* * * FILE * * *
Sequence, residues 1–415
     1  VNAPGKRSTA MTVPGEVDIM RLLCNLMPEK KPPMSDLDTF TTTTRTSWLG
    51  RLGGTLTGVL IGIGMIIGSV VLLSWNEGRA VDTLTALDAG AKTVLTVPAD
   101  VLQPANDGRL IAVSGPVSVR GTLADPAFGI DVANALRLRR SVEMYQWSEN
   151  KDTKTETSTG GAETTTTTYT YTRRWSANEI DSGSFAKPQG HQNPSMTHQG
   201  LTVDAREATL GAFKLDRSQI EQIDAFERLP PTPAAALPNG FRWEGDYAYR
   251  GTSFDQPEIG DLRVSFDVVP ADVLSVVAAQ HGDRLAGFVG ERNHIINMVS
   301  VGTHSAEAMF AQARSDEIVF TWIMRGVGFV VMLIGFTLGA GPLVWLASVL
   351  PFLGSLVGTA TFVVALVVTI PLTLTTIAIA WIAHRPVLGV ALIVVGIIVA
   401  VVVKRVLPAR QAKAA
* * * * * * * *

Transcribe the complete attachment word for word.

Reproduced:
Sequence, residues 1–415
     1  VNAPGKRSTA MTVPGEVDIM RLLCNLMPEK KPPMSDLDTF TTTTRTSWLG
    51  RLGGTLTGVL IGIGMIIGSV VLLSWNEGRA VDTLTALDAG AKTVLTVPAD
   101  VLQPANDGRL IAVSGPVSVR GTLADPAFGI DVANALRLRR SVEMYQWSEN
   151  KDTKTETSTG GAETTTTTYT YTRRWSANEI DSGSFAKPQG HQNPSMTHQG
   201  LTVDAREATL GAFKLDRSQI EQIDAFERLP PTPAAALPNG FRWEGDYAYR
   251  GTSFDQPEIG DLRVSFDVVP ADVLSVVAAQ HGDRLAGFVG ERNHIINMVS
   301  VGTHSAEAMF AQARSDEIVF TWIMRGVGFV VMLIGFTLGA GPLVWLASVL
   351  PFLGSLVGTA TFVVALVVTI PLTLTTIAIA WIAHRPVLGV ALIVVGIIVA
   401  VVVKRVLPAR QAKAA